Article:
Center marks eight years with ADA

Stacy Jo

While changing a law is a difficult and lengthy process, people with disabilities say attitudes are even slower to change.
Celebrating the legal victories already accomplished and recognizing the attitude changes yet to be achieved, the Disabled Student Cultural Center honored the eighth anniversary of the Americans with Disabilities Act on Coffman Plaza on Thursday.
Representatives from more than eight community organizations, including ADA Minnesota and the Minnesota Disability Law Center, drew passersby to the information fair. While acknowledging the ways the act made life with disabilities easier, representatives said they are striving to change negative attitudes about people with disabilities.
The Americans with Disabilities Act, signed into law on July 26, 1990, intends to make American society more accessible to people with disabilities. The act prohibits discrimination on the basis of disability in employment, programs and services.
Provisions of the law include requiring that businesses provide reasonable disability accommodations and that public transportation systems provide accessibility for people with disabilities.
Mandy Perlman, interim chairwoman for the Disabled Student Cultural Center, said the passing of the ADA made a marked difference in her life. Perlman, who is vision impaired, said the act made it possible for her to participate in higher education.
Perlman said ADA provisions — such as those improving the efficiency of snow removal from curbs or making curb cuts in sidewalks — make life easier for everyone.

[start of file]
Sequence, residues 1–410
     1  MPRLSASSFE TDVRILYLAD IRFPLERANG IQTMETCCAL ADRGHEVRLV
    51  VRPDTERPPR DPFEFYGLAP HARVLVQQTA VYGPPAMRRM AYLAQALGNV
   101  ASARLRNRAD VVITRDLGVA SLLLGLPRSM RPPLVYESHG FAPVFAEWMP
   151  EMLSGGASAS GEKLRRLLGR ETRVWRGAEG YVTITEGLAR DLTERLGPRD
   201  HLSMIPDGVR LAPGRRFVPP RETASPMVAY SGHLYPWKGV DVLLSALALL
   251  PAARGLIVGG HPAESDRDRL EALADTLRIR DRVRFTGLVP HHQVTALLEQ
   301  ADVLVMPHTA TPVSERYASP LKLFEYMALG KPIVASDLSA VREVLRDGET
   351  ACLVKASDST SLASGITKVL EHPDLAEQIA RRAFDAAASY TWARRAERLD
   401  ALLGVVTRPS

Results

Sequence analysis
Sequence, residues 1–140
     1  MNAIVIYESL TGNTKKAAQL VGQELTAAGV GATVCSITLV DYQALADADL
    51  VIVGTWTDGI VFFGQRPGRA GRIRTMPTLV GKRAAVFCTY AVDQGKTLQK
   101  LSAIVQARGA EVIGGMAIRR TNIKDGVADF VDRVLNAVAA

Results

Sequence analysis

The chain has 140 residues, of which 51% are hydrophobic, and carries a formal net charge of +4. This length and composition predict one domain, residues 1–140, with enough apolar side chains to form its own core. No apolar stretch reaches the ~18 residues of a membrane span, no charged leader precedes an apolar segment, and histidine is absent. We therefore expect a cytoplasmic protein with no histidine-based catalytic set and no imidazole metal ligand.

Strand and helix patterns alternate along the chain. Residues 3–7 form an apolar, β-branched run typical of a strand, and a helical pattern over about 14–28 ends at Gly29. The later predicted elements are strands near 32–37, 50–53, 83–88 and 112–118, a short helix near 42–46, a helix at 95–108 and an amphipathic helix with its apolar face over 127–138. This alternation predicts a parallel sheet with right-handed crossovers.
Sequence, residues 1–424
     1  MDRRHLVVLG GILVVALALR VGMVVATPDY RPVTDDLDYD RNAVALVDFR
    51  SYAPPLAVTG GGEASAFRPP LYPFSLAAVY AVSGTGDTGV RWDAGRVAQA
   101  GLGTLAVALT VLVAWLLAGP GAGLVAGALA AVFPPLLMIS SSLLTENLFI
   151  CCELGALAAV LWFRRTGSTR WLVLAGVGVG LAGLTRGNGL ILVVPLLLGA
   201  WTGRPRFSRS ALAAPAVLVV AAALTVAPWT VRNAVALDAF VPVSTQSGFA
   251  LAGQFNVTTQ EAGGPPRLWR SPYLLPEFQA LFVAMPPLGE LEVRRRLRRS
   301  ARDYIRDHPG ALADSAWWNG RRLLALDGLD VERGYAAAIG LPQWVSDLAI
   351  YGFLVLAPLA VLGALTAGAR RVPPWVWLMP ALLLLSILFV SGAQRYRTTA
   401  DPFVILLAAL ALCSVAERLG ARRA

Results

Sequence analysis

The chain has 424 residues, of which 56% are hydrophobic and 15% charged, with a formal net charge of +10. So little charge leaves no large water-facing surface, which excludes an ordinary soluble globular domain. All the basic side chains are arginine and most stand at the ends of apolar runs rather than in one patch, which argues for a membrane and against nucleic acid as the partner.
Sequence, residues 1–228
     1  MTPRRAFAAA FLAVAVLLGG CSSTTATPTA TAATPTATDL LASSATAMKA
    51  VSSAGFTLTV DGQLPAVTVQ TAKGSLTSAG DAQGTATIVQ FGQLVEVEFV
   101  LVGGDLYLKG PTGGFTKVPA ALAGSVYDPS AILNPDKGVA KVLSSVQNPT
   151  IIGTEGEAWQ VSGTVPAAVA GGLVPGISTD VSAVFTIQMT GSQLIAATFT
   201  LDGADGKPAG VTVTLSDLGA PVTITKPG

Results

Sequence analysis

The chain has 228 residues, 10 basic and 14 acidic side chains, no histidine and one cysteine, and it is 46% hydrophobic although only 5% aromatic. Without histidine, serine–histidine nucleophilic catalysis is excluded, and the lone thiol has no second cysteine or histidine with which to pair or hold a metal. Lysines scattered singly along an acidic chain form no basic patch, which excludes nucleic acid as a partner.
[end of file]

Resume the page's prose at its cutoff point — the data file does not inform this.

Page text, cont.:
“The ADA is not about people with disabilities; it’s a civil rights movement,” said Perlman, a senior in the College of Biological Sciences.
As is typical with any civil rights movement, the changing of laws does not necessitate the changing of attitudes.
Linda Lattin, a peer support coordinator with the Metropolitan Center for Independent Living, has experienced insensitive attitudes firsthand.
Because her disability impairs her speech, Lattin said people frequently make unfair assumptions about her. She said one of her neighbors often thinks she is drunk because of her slurred speech. The 3.8 grade point average she maintained in college does not absolve her from patronizing and condescending attitudes, she said.
“People assume I’m retarded in some way,” said Lattin. “They label you right away.”
ADA Minnesota Manager Ann Roscoe said negative attitudes create the biggest barriers for people with disabilities. She said the attitudes of employers need to change before the employment of people with disabilities will make significant improvements.
“The ADA has made a lot of things possible, but we have to work on attitudes,” Roscoe said.
Despite slow-to-change attitudes, some students and staff say University officials set a good example by being receptive to accessibility improvement efforts.
In his 12 years at the University, Gene Chelberg, who is visually impaired, has noticed many changes in disability accommodations. Paratransit service, staff interpreters and document conversion are among the accommodations made since the passing of the act.
As a former student and current assistant director for Disability Services, Chelberg said the University’s educational setting provides the ideal place to learn about the values of disability culture.
“It’s about one-on-one connections you make with people,” Chelberg said.